DENVER – A measure that would allow hunting of black bears when they are most active stalled Monday as lawmakers worked on a compromise.
The measure, sponsored by Rep. Yeulin Willett, R-Grand Junction, may be resurrected as a study instead, after concerns were raised that the measure was premature without proper analysis.
Rural Coloradans complain that the bear population is increasing, causing loss of livestock and dangerous encounters with the public.
Rep. J. Paul Brown, R-Ignacio, is familiar with the subject. A sheep herder, Brown has lost dozens of his herd to bear attacks.
On one occasion, Brown slept outside with his herd in an effort to kill the bear who was costing him thousands of dollars in losses. He woke up to find the bear standing so close to him that he could feel its breath on his face.
With instinct kicking in, Brown punched the bear in the face and then went searching for his gun in the dark, so that he could fire one in the bear’s face. Brown won that night, but he worries about others.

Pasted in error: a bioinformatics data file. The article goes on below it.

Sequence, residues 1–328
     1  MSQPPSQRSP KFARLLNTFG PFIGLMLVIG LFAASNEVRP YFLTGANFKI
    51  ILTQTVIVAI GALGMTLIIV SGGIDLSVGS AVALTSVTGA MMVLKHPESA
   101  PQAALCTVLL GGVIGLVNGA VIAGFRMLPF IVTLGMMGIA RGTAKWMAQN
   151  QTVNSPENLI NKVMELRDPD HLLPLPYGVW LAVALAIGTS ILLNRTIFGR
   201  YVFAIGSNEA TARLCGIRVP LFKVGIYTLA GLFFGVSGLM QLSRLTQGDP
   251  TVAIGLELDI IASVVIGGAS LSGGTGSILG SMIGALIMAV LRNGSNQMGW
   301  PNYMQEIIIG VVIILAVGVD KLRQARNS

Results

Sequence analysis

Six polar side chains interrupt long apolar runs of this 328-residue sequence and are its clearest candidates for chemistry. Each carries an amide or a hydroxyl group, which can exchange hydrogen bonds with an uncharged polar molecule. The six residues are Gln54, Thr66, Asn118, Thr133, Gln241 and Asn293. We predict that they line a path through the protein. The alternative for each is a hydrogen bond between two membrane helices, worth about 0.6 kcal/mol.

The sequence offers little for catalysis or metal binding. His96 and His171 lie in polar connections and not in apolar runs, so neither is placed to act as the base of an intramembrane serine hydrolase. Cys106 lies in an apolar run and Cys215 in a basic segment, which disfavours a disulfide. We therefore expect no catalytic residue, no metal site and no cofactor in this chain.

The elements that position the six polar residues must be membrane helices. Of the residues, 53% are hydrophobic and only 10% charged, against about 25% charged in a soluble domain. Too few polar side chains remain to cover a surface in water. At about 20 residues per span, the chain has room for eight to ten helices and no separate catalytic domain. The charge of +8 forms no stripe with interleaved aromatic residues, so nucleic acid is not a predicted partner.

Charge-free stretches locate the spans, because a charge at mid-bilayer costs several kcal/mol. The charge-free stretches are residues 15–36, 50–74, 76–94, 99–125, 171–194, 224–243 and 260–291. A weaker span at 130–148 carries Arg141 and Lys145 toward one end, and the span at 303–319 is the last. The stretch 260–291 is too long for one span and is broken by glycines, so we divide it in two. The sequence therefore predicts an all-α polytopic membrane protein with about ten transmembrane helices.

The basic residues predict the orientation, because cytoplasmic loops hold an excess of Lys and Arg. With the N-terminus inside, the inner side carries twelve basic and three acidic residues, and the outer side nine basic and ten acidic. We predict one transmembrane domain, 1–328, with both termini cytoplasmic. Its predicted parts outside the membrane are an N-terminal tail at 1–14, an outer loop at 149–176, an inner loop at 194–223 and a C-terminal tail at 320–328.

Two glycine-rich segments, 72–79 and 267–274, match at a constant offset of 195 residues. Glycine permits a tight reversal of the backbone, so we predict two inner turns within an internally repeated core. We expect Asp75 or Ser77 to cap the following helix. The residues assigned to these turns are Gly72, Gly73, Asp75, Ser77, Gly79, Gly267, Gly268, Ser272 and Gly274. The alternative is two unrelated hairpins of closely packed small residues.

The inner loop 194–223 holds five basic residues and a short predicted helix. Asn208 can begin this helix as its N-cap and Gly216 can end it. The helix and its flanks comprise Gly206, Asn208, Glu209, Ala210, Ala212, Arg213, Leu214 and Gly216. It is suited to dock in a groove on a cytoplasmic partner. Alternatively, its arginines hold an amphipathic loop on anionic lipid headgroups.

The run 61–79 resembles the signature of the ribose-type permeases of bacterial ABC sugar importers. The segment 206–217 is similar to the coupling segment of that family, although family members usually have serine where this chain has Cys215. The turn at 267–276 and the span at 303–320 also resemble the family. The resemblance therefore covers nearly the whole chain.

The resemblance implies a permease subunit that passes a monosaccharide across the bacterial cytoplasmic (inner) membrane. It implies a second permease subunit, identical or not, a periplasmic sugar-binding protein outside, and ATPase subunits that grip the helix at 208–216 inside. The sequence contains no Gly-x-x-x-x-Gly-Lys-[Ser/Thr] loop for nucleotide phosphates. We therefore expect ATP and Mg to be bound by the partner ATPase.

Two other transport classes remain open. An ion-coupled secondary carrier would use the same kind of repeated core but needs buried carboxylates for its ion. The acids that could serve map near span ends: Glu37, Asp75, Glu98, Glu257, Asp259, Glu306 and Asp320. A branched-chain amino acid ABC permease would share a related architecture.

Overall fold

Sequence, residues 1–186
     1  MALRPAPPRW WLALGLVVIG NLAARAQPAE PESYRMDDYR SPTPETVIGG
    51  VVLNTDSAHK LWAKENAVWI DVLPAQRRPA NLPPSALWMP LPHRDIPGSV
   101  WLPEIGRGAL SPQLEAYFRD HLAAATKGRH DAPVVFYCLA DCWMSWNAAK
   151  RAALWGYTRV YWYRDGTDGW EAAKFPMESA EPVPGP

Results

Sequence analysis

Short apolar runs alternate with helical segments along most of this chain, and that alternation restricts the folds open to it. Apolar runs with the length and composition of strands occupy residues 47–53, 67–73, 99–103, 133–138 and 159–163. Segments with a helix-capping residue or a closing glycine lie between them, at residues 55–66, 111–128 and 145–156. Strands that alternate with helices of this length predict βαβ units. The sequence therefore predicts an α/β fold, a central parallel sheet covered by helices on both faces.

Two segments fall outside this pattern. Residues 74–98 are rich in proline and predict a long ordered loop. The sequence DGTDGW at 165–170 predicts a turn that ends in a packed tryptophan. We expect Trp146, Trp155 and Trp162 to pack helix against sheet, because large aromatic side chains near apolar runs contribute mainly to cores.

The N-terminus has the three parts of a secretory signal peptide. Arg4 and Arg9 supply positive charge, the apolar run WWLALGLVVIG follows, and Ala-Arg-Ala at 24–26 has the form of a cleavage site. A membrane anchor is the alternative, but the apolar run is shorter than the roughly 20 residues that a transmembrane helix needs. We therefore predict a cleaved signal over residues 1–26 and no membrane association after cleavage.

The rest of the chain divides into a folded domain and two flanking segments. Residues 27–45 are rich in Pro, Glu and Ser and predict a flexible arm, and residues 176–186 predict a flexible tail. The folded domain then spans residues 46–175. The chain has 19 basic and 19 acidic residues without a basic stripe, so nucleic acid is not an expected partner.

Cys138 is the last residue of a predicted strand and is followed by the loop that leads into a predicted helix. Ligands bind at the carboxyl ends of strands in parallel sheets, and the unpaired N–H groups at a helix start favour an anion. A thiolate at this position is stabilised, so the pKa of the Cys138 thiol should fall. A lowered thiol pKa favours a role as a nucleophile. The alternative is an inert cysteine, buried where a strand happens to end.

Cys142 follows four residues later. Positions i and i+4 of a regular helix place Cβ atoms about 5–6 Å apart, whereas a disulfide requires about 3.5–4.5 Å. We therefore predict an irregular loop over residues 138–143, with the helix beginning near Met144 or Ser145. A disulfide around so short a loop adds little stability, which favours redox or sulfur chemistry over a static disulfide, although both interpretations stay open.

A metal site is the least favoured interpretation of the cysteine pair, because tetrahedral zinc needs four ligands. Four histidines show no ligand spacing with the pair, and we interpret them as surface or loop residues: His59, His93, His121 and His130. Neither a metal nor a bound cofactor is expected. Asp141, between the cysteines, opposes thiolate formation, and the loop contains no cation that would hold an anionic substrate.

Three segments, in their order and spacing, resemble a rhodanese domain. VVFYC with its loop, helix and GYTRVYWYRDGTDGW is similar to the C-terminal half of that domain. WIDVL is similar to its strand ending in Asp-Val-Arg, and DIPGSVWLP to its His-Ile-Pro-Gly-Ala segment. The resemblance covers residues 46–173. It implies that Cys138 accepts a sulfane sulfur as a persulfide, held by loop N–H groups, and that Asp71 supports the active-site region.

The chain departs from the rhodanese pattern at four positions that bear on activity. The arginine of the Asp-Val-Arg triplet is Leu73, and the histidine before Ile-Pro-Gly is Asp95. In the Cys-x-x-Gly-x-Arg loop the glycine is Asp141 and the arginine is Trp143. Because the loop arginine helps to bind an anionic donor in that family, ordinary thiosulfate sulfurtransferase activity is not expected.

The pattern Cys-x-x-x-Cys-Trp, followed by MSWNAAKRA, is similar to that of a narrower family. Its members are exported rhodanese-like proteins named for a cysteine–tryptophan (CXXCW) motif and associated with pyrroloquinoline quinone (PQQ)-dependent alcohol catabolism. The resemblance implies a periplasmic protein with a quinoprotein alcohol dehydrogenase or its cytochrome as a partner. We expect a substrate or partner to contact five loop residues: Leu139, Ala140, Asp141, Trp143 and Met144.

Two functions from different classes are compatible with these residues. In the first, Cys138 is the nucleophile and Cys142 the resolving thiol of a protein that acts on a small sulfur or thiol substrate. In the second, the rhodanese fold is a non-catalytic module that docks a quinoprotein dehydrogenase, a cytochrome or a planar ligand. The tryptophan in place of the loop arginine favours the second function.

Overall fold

“Parks and Wildlife should be managing these bear, and right now, the only thing they can do is when we have these problem bear is they just kill them and then haul them to the dump,” said Brown, who carried a similar bill that failed in 2011. “Why not let some hunters do it?”
The bill this year originally sought to allow an August hunt, while permitting Parks and Wildlife to authorize hunting from Sept. 1 to Oct. 31. The legislation would have also clarified that the use of scents is not baiting.
Voters in 1992 prohibited the bear-hunting season from beginning before September. Voters also banned hunting with dogs or bait or killing bears with cubs.
Willett asked the House State, Veterans and Military Affairs Committee to delay the bill for more than 30 days while he works on putting a stakeholder group together to study the issue. The committee agreed.
“It’s easy to fall into the trap of thinking of this as a bear-hunting bill. It’s not a bear-hunting bill,” Willett told the committee. “It’s a problem that has grown in the state to involve farmers and ranchers, people in their homes, hunters, the Division of Parks and Wildlife and the bears themselves.”
Wildlife advocates acknowledged the problem. But they said more research and stakeholder involvement should be accomplished before changing statute.
“If that process allows for wildlife advocates and equal numbers to other stakeholder groups, then we can come up with a set of recommendations that are perceived to be fair,” said Holly Tarry, vice president of Colorado Voters For Animals, a group committed to animal protection. “That makes the process of putting those recommendations into place far more likely.”